Is there a need for more holistic healing? Around the world this question is often in the headlines, in one form or another. My colleague in the United Kingdom, Tony Lobl, asks some important questions and shares his thoughts in a repost of his blog, as follows. Thanks Tony.
There have been angry-with-the-doctor opinion pieces versus angry-with-the-medical-authorities reports about the recent conflab between the General Medical Council (GMC) and General Practitioner Dr. Richard Scott, who talked about Jesus to a patient. However, it is worth asking, but what does it actually entail to have a physician-patient conversation about faith?
It is clearly inappropriate for a medical professional to proselytise, especially when people are feeling vulnerable. However, it doesn’t sound like that is what happened. The Sunday Times quotes the doctor as saying: “I only discussed mutual faith after obtaining the patient’s permission. In our conversation I said that, personally, I had found having faith in Jesus helped me and could help the patient. At no time did the patient indicate that they were offended, or that they wanted to stop the discussion. If that had been the case, I would have immediately ended the conversation.” (Prescribing Jesus Gets Doctor Censured - paywall.) The patient is still with the same doctor – it is his mother who has been offended and submitted a complaint.
A Valley Morning Star video (below) filmed at a Texan “family practice residency programme” helps flesh out what it might be like to be “prescribed” a dose of prayer by the family doctor. It articulates the nature of a medical practice which offers “spiritual prescriptions” as well as medical prescriptions as a support to its patients, as Dr. Claudia Aguero-Vazquez puts it. She continues:
[Patients] find comfort coming here because they know we won’t just address their medical problems, but that we will also actually help to feed their soul…More and more people are looking for God, and they’re looking for something more spiritual, and here we are able to do that, and it is something that people are seeking.
Mary Baker Eddy – the author of Science and Health with Key to the Scriptures - dedicated her textbook on healing to just such “honest seekers for Truth” (p. xii). She also wrote that “Millions of unprejudiced minds — simple seekers for Truth, weary wanderers, athirst in the desert — are waiting and watching for rest and drink.” (p. 570). Her encouragement to the book’s readers is to respond kindly and courageously to such seekers, to “Give them a cup of cold water in Christ’s name, and never fear the consequences.”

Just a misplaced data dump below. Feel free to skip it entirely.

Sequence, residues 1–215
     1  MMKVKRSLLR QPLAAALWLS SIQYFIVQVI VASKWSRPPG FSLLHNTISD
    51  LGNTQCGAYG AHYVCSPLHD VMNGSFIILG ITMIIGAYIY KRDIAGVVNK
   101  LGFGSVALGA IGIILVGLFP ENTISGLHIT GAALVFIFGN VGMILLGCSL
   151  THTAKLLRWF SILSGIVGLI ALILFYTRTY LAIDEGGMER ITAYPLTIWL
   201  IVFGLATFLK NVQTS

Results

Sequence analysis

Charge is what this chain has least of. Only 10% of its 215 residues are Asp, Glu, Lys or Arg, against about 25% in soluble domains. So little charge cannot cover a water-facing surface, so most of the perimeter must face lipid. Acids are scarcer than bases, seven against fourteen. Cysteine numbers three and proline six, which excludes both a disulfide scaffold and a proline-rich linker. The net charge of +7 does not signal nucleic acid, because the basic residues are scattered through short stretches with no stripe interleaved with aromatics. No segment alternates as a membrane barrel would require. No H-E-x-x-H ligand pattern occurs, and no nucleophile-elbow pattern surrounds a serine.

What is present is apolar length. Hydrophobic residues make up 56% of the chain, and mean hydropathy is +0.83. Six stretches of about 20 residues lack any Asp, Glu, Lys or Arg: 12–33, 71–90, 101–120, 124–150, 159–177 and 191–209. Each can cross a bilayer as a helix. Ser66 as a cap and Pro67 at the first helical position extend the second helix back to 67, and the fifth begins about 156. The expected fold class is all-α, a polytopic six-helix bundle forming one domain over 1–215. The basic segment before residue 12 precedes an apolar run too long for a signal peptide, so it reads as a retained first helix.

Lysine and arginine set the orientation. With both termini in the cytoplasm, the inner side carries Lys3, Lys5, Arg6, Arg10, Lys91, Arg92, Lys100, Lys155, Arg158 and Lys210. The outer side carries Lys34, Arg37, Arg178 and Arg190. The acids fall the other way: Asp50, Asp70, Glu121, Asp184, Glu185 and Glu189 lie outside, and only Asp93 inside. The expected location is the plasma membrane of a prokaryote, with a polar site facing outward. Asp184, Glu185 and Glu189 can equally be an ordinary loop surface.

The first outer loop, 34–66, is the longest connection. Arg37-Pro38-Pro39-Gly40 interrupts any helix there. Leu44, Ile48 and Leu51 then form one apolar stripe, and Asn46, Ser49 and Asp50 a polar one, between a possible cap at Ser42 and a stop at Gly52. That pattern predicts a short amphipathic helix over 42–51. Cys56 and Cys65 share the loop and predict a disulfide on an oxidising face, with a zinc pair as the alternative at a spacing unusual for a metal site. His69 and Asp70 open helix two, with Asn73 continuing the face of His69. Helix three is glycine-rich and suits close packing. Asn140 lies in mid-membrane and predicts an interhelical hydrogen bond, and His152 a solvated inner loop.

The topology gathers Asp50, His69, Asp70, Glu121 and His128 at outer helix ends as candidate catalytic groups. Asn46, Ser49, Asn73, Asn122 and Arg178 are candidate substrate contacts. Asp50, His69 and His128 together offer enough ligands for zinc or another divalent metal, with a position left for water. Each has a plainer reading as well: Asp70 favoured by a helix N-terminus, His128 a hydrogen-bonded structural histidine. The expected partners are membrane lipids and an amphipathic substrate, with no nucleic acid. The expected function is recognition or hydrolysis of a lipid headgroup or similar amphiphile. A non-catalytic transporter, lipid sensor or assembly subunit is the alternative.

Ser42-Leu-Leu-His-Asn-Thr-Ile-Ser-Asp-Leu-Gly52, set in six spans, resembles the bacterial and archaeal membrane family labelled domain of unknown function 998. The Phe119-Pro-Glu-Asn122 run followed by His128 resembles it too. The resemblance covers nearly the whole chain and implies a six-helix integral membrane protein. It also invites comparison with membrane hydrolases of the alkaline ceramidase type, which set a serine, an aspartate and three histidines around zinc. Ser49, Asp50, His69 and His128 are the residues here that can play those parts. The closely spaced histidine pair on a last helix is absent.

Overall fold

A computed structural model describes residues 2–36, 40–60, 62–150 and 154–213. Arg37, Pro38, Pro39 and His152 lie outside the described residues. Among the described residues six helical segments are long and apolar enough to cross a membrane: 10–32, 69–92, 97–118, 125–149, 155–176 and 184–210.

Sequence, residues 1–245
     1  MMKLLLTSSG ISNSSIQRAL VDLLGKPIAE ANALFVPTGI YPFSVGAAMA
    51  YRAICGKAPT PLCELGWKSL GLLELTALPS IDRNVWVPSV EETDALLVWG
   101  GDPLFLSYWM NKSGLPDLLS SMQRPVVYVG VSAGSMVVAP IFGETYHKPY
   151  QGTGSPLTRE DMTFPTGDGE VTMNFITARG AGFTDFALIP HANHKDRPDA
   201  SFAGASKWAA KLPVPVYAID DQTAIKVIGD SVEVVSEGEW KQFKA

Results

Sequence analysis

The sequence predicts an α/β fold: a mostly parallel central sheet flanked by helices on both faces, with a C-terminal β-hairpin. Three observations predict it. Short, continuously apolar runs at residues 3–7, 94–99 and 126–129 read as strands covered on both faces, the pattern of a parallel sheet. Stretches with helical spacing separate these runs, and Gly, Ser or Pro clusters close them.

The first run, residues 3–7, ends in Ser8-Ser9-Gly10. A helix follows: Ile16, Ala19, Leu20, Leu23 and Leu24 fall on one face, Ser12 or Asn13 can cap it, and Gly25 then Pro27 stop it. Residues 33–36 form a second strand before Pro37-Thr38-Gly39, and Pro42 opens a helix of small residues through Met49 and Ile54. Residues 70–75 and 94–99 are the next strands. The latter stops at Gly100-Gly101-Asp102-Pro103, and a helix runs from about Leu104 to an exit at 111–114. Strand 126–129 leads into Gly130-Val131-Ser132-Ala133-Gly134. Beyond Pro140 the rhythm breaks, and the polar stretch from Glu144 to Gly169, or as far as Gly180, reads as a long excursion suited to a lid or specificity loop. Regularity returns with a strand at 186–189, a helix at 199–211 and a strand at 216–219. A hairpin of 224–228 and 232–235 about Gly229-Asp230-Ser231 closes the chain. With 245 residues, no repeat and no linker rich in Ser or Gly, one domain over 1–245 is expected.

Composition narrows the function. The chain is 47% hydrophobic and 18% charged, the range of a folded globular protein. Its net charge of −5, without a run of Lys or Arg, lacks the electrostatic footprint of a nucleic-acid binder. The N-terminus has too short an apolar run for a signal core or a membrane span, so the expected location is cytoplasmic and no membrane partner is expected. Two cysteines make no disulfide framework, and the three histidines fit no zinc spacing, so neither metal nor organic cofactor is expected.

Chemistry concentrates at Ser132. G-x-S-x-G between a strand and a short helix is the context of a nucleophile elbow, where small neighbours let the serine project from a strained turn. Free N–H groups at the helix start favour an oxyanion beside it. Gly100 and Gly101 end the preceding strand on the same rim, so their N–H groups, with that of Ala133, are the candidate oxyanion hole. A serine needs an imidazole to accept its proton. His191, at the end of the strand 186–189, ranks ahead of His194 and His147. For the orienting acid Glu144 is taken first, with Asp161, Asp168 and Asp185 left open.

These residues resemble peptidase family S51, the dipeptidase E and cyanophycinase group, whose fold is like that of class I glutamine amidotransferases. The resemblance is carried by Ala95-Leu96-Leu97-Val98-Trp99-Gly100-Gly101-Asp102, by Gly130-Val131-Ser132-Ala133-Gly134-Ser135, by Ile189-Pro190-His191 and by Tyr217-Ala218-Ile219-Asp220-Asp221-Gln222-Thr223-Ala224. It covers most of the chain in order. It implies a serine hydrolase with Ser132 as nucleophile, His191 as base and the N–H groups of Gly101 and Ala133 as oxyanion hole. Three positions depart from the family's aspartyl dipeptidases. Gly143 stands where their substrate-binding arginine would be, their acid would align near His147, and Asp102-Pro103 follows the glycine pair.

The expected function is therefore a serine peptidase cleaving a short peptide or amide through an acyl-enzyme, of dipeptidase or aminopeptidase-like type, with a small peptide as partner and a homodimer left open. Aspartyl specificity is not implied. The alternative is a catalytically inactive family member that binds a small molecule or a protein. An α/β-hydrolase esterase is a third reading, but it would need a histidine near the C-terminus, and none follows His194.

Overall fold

The Christian Scientist endeavours to proffer that “cup of cold water” through offering prayer that demonstrates how God’s love can heal without the assistance of additional material intervention and that takes place outside a clinical context. However, it is clear that the same yearning to reach the deeper needs of others can animate those whose profession includes employing a more mechanistic approach to healthcare. So shouldn’t there be a space in medical care for offering healing ideas from a heart that sees if there is a seeker and seeks to respond on the level of his/her deeper needs – provided there is no blatant or tacit pressure to engage in such conversations?
The tendency to detach the addressing of physical needs from questions of spiritual concern is leaving a lot of people on both sides of the physician-patient equation dissatisfied. And while spirituality in healthcare might not be everybody’s cup of tea, thought appears to be pushing at the limitations of materialism, demanding that healthcare make room for a more holistic healing.
The video below comes from an article which deals with similar issues in a Texan context, called Spirituality and Health.
“Every step of progress is a step more spiritual.” (Mary Baker Eddy, The People’s Idea of God)